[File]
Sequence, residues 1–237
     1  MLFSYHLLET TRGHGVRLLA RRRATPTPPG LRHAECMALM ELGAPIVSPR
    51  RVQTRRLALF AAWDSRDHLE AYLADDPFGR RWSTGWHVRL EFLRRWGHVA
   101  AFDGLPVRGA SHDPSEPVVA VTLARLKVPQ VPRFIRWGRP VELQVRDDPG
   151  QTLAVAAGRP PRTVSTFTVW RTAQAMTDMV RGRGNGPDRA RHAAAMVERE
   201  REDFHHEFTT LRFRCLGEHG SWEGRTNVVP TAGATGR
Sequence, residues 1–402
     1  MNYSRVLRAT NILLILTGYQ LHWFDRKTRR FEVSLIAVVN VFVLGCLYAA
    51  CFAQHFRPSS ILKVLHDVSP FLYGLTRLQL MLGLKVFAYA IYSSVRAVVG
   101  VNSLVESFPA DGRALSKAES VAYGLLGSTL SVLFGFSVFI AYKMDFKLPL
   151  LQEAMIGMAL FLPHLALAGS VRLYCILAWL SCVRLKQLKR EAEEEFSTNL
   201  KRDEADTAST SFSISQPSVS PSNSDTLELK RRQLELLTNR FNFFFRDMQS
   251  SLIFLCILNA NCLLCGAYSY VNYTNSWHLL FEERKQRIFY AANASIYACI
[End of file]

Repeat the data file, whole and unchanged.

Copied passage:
Sequence, residues 1–237
     1  MLFSYHLLET TRGHGVRLLA RRRATPTPPG LRHAECMALM ELGAPIVSPR
    51  RVQTRRLALF AAWDSRDHLE AYLADDPFGR RWSTGWHVRL EFLRRWGHVA
   101  AFDGLPVRGA SHDPSEPVVA VTLARLKVPQ VPRFIRWGRP VELQVRDDPG
   151  QTLAVAAGRP PRTVSTFTVW RTAQAMTDMV RGRGNGPDRA RHAAAMVERE
   201  REDFHHEFTT LRFRCLGEHG SWEGRTNVVP TAGATGR
Sequence, residues 1–402
     1  MNYSRVLRAT NILLILTGYQ LHWFDRKTRR FEVSLIAVVN VFVLGCLYAA
    51  CFAQHFRPSS ILKVLHDVSP FLYGLTRLQL MLGLKVFAYA IYSSVRAVVG
   101  VNSLVESFPA DGRALSKAES VAYGLLGSTL SVLFGFSVFI AYKMDFKLPL
   151  LQEAMIGMAL FLPHLALAGS VRLYCILAWL SCVRLKQLKR EAEEEFSTNL
   201  KRDEADTAST SFSISQPSVS PSNSDTLELK RRQLELLTNR FNFFFRDMQS
   251  SLIFLCILNA NCLLCGAYSY VNYTNSWHLL FEERKQRIFY AANASIYACI